Board downplays resistance to election law
Birtukan Midekesa, Chairwoman of the National Election Board of Ethiopia (NEBE), has downplayed the recent move made by a coalition of opposition political parties, which has rejected the recently ratified Election law of Ethiopia, The Reporter has learnt.
On Wednesday September 4, Birtukan, a former judge and political prisoner who is now leading the electoral board, briefed the media on the board’s task and current developments concerning the upcoming election as well as Sidama’s referendum to establish a regional state.
On the same week, a coalition of opposition political parties also known as the Joint Council of political parties criticized the new election law, which was recently approved by the House of People’s Representatives. The coalition has even threatened to boycott the upcoming election.
For instance, the opposition has voiced its staunch opposition against one particular aspect of the amendment, which raised the number of signatures required to be considered as a national party. The amendment raised the number of signatures to 10,000, up from 1,500, whereas the requirement for regional parties was increased to 4,000 signatures, up from its previous level of 750.
"The complaints from the political parties are something expected, especially when you have 100 something political parties," Birtukan told the media. "We can't agree on every point,” she said.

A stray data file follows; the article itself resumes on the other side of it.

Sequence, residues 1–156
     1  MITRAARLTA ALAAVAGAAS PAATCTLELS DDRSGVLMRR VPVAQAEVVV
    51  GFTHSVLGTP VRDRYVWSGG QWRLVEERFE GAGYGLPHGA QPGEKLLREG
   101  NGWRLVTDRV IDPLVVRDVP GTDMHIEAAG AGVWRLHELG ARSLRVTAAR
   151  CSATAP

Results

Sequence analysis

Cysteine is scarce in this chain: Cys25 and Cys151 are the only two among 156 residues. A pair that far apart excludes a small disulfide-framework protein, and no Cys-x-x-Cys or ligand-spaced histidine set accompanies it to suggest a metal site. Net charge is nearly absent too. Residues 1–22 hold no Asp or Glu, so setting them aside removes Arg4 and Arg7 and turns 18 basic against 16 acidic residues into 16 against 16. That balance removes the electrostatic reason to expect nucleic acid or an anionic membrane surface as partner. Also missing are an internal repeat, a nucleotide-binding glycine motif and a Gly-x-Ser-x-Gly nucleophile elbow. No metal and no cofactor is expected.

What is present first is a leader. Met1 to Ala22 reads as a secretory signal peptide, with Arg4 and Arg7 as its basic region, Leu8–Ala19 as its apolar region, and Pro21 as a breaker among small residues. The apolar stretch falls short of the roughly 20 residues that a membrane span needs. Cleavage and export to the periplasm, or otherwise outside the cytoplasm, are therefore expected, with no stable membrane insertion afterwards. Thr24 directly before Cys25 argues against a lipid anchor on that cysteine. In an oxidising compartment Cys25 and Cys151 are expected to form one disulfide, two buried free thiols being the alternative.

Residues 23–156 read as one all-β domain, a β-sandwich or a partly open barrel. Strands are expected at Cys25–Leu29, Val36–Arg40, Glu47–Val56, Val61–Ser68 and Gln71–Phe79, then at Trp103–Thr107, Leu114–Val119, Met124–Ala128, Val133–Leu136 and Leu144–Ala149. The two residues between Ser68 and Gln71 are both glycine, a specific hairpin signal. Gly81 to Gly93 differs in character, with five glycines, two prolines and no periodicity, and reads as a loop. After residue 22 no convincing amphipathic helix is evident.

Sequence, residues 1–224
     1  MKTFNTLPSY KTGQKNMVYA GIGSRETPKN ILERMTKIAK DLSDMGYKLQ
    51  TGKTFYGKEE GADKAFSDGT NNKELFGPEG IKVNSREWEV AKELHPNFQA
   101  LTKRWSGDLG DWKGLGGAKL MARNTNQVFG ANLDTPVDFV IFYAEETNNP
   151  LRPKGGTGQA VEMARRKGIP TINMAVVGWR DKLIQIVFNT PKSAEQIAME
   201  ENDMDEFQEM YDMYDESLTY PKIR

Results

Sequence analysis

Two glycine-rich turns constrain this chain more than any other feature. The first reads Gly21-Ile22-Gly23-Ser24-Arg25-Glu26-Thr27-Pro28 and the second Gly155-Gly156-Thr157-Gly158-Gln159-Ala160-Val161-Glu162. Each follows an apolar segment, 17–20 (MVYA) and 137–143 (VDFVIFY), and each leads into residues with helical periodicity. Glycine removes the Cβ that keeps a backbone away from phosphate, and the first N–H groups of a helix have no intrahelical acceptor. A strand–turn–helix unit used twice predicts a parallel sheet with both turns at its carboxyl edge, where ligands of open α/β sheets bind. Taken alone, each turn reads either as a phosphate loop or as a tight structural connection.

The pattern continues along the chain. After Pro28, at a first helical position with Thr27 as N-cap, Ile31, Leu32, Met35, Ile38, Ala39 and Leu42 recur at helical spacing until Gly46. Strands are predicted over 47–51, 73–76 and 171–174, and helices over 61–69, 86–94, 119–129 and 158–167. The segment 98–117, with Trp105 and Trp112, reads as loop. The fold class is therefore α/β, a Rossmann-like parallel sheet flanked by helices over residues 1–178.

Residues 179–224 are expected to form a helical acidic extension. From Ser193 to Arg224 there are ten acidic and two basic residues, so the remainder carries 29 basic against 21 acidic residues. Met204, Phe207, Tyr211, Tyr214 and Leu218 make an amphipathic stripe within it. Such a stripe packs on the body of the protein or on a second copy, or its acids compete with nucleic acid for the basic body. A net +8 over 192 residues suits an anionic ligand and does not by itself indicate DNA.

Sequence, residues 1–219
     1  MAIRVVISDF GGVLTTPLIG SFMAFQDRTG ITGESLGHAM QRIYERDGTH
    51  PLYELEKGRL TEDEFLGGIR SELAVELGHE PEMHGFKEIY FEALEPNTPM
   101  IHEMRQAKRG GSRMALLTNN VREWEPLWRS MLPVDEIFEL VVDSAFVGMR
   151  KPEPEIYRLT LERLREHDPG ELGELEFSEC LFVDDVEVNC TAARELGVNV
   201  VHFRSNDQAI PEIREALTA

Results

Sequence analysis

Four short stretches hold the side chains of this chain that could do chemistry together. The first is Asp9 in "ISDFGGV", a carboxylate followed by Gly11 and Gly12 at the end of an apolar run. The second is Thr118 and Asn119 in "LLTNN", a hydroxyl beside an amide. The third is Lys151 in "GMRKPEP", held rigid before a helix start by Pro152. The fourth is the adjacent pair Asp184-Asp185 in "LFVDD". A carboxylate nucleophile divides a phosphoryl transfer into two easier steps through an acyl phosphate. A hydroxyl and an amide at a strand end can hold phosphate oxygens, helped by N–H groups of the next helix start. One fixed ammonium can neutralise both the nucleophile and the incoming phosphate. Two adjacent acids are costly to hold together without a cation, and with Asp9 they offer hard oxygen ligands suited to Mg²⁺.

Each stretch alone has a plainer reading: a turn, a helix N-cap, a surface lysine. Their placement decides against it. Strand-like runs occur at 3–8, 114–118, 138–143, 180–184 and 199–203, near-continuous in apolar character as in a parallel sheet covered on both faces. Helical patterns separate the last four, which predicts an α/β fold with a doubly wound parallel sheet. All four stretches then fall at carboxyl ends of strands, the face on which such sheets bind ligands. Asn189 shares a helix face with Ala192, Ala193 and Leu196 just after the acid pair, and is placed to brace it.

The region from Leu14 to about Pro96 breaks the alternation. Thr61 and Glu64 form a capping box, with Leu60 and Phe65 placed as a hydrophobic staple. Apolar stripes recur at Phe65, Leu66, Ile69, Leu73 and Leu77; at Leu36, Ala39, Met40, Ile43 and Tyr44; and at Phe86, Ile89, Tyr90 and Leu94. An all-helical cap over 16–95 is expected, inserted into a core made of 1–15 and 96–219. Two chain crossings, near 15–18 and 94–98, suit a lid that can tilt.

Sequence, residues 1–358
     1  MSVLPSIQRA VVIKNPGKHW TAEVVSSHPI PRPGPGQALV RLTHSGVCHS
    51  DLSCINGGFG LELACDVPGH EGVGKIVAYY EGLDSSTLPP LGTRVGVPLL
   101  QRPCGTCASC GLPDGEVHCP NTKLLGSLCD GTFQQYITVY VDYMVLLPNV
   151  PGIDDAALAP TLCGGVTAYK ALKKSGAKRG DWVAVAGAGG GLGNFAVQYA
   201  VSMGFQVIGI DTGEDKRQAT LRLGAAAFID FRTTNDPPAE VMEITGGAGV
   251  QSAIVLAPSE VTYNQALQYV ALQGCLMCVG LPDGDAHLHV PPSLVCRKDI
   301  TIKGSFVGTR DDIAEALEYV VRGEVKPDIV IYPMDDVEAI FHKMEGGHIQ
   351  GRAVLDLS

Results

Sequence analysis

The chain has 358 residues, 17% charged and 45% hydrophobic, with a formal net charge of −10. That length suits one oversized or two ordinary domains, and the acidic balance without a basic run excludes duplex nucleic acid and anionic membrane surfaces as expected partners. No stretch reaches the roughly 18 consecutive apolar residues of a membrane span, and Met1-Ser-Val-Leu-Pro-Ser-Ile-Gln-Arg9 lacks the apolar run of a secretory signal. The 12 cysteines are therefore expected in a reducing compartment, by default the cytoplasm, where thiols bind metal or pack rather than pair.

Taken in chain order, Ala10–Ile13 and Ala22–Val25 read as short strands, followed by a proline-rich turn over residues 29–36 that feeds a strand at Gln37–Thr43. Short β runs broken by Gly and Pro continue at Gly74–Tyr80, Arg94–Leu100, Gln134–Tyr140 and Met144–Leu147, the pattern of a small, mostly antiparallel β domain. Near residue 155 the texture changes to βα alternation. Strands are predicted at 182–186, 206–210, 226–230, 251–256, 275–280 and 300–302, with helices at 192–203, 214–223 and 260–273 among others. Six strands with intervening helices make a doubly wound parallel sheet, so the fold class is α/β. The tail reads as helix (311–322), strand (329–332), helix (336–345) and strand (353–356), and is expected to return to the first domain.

All the political parties are said to have participated during the drafting of the bill. And according to her, at least three consultation forums with the political parties were held.
"The parties can say this wasn't enough, but claiming that they didn't see it (the law) is a lie," she said.
Stressing on the time constraints, the chairwoman said that her board does not have a problem if the Parliament decides to look into the law again.
While responding to questions raised by the media regarding previous attempts to change the electoral system, she said it was under a dialogue when the election bill was drafted.
In related news, Birtukan has disclosed that the board has received complaints from political parties, alleging their members were arrested.
“Just one month ago, we have received a complaint from the Oromo Liberation Party where it said 400 of their members were arrested,” said the chairwoman. “We have managed to contact both the regional and Addis Ababa police, and have asked if their arrest is related with their political activity and we said it is wrong.”
“We received similar complaints from the Oromo Federalist Congress as well as the National Movement of Amhara (NaMA),” adding, “As a board we will check if there are any unlawful arrests.”
The Board has also announced that it has begun works to restructure its branch offices across the country. In this regard, it has invited candidates to compete for a role to head the branch offices.
Furthermore, it was indicated that the Board is preparing to hold the Sidama referendum. It is to be recalled that, following a bloody violence which claimed the lives of dozens, the Board has announced that the referendum will be held on November, 2019.